The Economics of Borrowing and Lending during Christmas and Q4

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Daniel Tannenbaum

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Whether it is business or consumer finance, the economics of borrowing and lending changes drastically in the UK during the run up to the Christmas. But to what extent? We investigate below.

Property Funding in Q4

From a B2B perspective, there is a notable slowdown in the number of enquiries and deals transacted based on potential borrowers preferring ‘to wait for the new year.’

In the business world, the Christmas period oozes the feelings of work-dodging and clock watching. A combination of early finishes, company socials and annual leave causes overall productivity to fall and this multiplies across other industries and organisations.

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Specifically, for products such as commercial mortgages and bridging products, there is the necessary involvement of other parties such as surveyors, solicitors, mortgage advisors and banks. But with all taking it easy in Q4, it subsequently leads to less funding. Notably, Bridging Trends showed a decrease of £10 million in funding in the bridging sector in Q4 in 2015 and a decrease of £14.83 million in Q4 of 2016.

From the consumer angle, some see the upcoming yuletide as a deadline to secure their dream home, with The Council of Mortgage Lenders reporting an increase in mortgage lending to non-business households in December 2016, up 5% from November and first-time buyers up 9%.

Business lending ‘softens’ in Q4 

A similar slacktivist approach ensues for SME business owners (those with turnover of less than £25 million). The strategy to review growth in quarters and reassess in the new year was confirmed by the Bank of England’s report showing that business lending ‘softened’ over the three months to November 2016 and December was very much the same. (Source: Bank of England, Credit Conditions Review Q4, 2016, P.11)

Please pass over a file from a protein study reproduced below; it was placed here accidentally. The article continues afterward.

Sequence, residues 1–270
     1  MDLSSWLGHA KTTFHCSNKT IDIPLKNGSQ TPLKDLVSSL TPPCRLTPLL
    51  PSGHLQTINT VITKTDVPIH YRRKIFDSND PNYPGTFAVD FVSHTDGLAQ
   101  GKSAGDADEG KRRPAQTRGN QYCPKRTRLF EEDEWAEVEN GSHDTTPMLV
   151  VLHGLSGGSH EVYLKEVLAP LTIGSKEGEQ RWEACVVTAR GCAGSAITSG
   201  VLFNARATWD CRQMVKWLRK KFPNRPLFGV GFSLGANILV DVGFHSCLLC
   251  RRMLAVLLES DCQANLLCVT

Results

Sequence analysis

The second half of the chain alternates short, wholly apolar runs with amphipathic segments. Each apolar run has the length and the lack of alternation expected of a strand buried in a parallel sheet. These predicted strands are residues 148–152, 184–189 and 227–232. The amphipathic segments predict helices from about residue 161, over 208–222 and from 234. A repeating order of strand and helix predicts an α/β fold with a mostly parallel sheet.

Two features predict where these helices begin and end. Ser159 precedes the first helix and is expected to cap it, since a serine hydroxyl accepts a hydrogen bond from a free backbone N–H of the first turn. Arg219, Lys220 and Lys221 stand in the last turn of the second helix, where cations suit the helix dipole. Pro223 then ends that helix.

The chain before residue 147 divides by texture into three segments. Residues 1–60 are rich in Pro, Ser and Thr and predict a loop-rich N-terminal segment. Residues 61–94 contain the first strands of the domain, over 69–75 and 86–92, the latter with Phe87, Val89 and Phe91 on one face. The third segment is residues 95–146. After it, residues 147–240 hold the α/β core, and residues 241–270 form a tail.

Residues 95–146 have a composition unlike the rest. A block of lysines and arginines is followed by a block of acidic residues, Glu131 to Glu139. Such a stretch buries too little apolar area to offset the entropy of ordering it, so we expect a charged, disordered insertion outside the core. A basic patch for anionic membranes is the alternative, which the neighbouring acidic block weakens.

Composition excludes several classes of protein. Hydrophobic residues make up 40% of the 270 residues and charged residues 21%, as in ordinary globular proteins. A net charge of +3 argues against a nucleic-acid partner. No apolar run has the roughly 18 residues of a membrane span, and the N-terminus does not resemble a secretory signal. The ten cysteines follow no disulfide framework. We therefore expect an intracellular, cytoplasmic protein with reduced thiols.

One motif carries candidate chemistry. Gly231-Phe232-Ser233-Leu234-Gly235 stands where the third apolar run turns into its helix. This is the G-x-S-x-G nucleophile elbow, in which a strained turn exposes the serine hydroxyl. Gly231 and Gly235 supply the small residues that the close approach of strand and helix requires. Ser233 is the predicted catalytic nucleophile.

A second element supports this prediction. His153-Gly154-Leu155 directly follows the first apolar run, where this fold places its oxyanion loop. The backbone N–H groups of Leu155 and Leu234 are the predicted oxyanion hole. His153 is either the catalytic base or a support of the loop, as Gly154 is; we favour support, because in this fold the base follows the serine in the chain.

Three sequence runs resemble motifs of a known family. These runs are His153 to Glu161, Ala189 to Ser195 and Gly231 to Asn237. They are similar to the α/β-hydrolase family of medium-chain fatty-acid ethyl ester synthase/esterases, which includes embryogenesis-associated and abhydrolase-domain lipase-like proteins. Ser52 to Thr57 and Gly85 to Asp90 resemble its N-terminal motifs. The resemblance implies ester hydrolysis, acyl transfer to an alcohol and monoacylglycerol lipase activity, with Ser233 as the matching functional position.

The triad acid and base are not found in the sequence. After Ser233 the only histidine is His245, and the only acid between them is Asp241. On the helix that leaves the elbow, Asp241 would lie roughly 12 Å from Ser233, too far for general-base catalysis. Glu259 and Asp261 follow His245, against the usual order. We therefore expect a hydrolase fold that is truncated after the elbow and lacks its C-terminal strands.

Consumer Credit Increases Big Time in Q4 

Unquestionably, the popularity in consumer credit increases in the run up to the Christmas season. This includes increased purchases on buying gifts, festive meals, socialising and holidays. Some argue that there is a demand for home improvements and refurbishments for those looking to entertain family and friends in time for December 25th.

Whilst reports showed that the applications for credit cards remained quite stable, the amount of borrowing that customers did on them was enormous, with the Bank of England reporting an increase in default rate from 4.4% in Q3 to 24.3% in Q4 (Source: Bank of England, Credit Conditions Survey Q4, 2016, P.8)

Speaking to a representative from UK’s leading money lender, Uncle Buck, he said that “We typically see an increase in applications and online visitor traffic by 15% to 20% during the Christmas period. This is largely due to an increased in consumer spending so we also have to restrict our lending criteria to account for a higher default rate.’

‘There is also the fact that many employers will give their staff an early pay-slip and Christmas bonus in December, but with their next pay cheque not until late January, they can go 6 to 7 weeks without pay. Hence, there is demand for short term finance, even if it is just a few hundred pounds to see them through the month.”

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